Why American Airlines Won’t Fly to India or Dubai

Three years ago there were rumblings about American flying to Abu Dhabi and two years ago service to India.


Gateway of India, Mumbai

Delta will consider re-entering the India market and has had rumblings about Atlanta-Dubai because they’re claiming victory over Emirates, Etihad, and Qatar while getting absolutely nothing.

Yet this isn’t going to get the world’s largest airline, American Airlines, to serve either the UAE or India.

  1. American Airlines has no appetite for ultra long haul flying. They’ve pretty much said they aren’t going to start service to places like Singapore. It takes too much aircraft time, it’s hard for them to see markets like that being profitable.


    American Airlines at New York JFK

  2. American got outflanked by Delta, severing codeshares with Etihad as part of Delta’s campaign against the Gulf carriers, and losing out on partnering with India’s Jet Airways to Delta. As a result American has no partners on the other end of either UAE or India service. That means no feed for their flights, they’d be relying entirely on origination and destination traffic.


    Etihad Business Class

    They don’t like to serve markets under those conditions and indeed they lost tens of millions of dollars flying Chicago – Shanghai that way.

  3. They cant fly Boeing 767s there as a cheap test for destinations that far. American likes to use less expensive planes as they try out new markets (see for instance 767s to Prague and Budapest).


    Boeing 767 Business Class

At this point American’s working model of where they’ll fly to is diametrically opposed to serving both India and the UAE.

About Gary Leff

Gary Leff is one of the foremost experts in the field of miles, points, and frequent business travel - a topic he has covered since 2002. Co-founder of frequent flyer community InsideFlyer.com, emcee of the Freddie Awards, and named one of the "World's Top Travel Experts" by Conde' Nast Traveler (2010-Present) Gary has been a guest on most major news media, profiled in several top print publications, and published broadly on the topic of consumer loyalty. More About Gary »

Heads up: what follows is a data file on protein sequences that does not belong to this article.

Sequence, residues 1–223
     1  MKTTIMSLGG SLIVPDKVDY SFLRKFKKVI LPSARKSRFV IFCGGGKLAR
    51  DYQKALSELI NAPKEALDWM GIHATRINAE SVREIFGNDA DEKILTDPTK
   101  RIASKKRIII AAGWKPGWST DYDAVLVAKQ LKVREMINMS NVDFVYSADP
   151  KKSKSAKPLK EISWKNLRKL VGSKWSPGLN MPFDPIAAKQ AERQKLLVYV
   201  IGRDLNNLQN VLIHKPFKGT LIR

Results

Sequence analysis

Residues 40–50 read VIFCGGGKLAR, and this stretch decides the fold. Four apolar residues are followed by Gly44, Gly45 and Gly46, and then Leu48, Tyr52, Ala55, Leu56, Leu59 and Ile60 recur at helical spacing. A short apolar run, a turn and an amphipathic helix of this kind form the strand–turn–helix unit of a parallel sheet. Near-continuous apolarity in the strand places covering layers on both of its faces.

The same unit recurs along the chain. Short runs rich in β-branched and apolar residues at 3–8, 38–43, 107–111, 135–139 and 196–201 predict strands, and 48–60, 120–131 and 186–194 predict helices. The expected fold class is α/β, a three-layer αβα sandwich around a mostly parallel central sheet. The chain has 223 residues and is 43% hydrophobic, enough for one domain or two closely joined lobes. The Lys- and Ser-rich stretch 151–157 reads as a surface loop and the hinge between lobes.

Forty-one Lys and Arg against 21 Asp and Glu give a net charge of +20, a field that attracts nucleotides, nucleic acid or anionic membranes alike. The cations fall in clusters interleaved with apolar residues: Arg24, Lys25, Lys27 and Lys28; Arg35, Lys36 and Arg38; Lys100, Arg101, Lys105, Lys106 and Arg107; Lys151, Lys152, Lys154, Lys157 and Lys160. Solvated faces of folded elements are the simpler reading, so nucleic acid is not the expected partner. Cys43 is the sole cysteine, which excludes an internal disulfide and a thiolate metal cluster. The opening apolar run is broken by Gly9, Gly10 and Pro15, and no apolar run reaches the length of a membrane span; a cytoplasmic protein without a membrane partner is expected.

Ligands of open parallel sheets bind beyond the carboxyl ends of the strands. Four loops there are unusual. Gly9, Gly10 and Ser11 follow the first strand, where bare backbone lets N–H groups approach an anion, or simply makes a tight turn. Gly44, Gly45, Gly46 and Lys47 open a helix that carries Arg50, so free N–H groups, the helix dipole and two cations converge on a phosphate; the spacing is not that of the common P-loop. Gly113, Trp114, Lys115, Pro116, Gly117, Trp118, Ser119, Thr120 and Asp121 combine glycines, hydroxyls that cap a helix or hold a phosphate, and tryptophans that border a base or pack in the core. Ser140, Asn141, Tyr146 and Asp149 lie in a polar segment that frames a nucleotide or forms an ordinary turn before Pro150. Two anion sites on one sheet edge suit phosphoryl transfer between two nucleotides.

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Comments

  1. Having flown frequently over that route, I really think AA or Delta don’t stand a chance compared to the likes of Emirates or Singapore airlines. I fly frequently for both business and leisure to India and Singapore from the US. The prices are almost the same as other carriers, but I’ve found the overall experience and service of Singapore Airlines and Emirates to be way superior than any of the legacy US carriers.

  2. Very good intel here.
    Frankly, I do not know one person who appreciates flying options who would ever voluntarily select a U.S. legacy carrier over any of the outstanding foreign carriers, as the difference is like “night and day,” whether in F, B, or Y.

  3. AA should know wisely to keep their hands off from such enterprises which only means money losing adventure. AA has enogh OW partners to work with. AA should improve their premium soft products more as it is not as good as their partners.

  4. You completely miss the boat here. Their brand equity is so low that no high-yielding passenger would be stuck on one of their planes for 16 hours. And they know that backpackers would not make those flights profitable.

    DL can make a go at it as they have the best brand equity (and profitability) of the US3 airlines; AA is at the bottom of the pile.

    That, sir, is the true truth.

  5. @Jake – Even though DL might make a go of it since they have the best profitability of the US3, UA is currently the only one of the group with flights to India, with two routes from EWR.

  6. I am a frequent traveller. I wouldn’t go by AA even if offered free tickets. SQ, EK are so much superior there is no comparison at all. US is stuck with AA and UA. Feel sorry for them.